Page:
Business Process: Deming’s Red Bead, Public Transport and Tangled Earpieces
As part of a business process investigation, I recently needed to visit the outsourced invoice processing function of an organisation. This meant travelling to a congested part of North London with a predicted driving time that suggested a frustrating, stop start journey which would finish with me looking for a parking space:
I decided that public transport may be the better option and checked the travel times on Google Maps. The predicted 1 hr 26 minutes would allow me to have a coffee and go through my meeting preparation so that seemed a good choice. But this is how the timings worked out (note that this is one of many ways to describe a process ):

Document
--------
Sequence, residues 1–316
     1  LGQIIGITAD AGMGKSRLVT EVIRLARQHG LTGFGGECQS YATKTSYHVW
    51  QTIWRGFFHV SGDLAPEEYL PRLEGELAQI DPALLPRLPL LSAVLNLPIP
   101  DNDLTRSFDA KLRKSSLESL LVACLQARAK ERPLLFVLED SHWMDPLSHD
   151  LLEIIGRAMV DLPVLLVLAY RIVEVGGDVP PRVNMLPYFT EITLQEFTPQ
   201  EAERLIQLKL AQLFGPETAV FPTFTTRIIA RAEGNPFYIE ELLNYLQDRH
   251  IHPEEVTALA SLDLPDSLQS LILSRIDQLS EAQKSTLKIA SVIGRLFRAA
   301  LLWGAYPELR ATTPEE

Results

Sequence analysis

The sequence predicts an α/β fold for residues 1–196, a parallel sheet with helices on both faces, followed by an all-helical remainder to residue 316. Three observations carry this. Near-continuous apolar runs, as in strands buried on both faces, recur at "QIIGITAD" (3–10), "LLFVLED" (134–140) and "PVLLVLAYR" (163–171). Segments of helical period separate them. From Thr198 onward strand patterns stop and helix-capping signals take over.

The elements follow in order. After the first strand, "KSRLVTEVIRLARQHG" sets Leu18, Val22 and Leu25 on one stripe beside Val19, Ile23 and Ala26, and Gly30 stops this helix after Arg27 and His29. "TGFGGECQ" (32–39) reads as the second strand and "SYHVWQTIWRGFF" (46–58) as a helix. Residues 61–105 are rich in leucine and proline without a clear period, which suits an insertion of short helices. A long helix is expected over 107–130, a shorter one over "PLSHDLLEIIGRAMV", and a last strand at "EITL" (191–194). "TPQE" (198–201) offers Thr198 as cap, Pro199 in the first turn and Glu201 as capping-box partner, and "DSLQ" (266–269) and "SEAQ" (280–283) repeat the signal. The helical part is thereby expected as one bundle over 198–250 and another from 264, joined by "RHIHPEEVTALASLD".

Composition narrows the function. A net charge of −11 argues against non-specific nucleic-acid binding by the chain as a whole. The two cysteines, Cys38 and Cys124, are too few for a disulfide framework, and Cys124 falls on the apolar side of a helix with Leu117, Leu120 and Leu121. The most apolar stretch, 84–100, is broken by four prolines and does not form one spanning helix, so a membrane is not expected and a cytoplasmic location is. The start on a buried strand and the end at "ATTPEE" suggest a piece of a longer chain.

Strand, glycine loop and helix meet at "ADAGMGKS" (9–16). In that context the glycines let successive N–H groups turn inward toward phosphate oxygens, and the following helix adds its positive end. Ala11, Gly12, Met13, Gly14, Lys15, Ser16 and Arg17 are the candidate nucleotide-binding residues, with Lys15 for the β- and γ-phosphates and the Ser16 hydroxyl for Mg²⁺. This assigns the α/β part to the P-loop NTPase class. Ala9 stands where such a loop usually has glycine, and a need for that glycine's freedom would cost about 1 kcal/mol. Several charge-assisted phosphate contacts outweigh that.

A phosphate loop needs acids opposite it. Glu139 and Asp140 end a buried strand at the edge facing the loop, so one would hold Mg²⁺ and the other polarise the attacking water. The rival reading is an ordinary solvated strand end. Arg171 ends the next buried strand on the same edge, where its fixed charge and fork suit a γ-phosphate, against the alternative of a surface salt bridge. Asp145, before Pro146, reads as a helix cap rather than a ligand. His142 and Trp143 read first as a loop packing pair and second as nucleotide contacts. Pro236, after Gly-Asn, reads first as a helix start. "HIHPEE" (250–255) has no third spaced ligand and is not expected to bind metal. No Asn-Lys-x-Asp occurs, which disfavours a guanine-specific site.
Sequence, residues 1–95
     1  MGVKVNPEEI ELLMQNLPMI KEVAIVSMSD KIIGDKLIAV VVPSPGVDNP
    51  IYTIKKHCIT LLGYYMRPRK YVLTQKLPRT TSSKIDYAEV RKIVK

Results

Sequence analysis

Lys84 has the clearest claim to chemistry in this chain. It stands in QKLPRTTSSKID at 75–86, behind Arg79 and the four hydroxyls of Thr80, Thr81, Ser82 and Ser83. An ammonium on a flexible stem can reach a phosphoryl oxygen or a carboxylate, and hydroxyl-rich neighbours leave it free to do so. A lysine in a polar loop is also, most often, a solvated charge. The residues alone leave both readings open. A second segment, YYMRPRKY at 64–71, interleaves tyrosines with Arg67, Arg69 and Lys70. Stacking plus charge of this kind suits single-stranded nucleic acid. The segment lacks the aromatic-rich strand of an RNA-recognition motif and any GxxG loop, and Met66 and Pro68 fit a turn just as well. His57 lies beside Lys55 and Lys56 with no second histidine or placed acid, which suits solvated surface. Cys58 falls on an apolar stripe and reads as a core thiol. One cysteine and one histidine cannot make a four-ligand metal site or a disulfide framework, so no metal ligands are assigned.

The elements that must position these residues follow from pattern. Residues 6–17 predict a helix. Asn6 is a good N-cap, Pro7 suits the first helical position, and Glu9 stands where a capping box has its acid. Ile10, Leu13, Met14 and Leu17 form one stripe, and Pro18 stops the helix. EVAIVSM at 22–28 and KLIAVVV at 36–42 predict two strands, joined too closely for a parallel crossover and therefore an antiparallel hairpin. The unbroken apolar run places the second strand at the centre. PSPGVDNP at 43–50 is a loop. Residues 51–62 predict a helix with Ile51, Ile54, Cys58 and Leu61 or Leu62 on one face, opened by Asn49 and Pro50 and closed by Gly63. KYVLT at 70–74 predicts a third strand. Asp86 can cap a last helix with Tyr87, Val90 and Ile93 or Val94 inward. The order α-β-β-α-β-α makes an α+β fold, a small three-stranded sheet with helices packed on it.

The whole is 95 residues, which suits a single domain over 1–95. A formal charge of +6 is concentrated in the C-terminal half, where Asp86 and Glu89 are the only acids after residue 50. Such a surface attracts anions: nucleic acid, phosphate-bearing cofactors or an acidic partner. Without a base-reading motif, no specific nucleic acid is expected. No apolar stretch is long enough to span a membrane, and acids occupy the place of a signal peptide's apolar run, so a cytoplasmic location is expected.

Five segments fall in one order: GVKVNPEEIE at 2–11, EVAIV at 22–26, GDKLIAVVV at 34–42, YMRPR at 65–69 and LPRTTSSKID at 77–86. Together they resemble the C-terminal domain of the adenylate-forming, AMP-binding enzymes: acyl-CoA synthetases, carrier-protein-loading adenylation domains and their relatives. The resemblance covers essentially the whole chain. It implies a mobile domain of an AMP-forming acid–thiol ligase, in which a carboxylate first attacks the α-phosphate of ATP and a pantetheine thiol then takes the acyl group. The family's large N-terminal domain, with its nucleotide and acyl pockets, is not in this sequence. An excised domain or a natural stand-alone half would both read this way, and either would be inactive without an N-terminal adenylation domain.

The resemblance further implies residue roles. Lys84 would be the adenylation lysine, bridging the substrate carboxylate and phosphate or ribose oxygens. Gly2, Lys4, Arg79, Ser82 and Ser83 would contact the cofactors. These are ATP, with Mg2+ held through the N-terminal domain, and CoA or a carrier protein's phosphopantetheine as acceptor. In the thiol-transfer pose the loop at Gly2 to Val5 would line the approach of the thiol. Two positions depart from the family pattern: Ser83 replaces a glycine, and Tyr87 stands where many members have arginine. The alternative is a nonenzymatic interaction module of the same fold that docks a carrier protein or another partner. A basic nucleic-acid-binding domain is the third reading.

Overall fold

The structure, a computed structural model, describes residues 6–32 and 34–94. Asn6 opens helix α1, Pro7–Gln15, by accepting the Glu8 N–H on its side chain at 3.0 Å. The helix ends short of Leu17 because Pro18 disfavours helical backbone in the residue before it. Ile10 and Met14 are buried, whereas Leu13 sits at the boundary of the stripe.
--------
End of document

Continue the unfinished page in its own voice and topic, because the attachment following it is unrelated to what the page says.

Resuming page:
The end to end journey took about 1 hr 30 min longer than forecast. It wasn’t the fault of the train drivers, or the bus driver, but of the environment that they were operating in.
Like the operators in Deming’s Red Bead Experiment, they and I were in the process (i.e. the transport environment and had no control over it. Like Southern Rail Commuters I was a passive victim of an inadequate public transport system.
As I commented in my article Tangled earphone cables and business processes. (based on Spontaneous knotting of an agitated string), the more points of contact that there are in a process, the greater the possibility that the process will tangle. And the more that process is agitated by outside events, the more chance that it will go wrong.
I’d rather work locally and earn less than go through that again!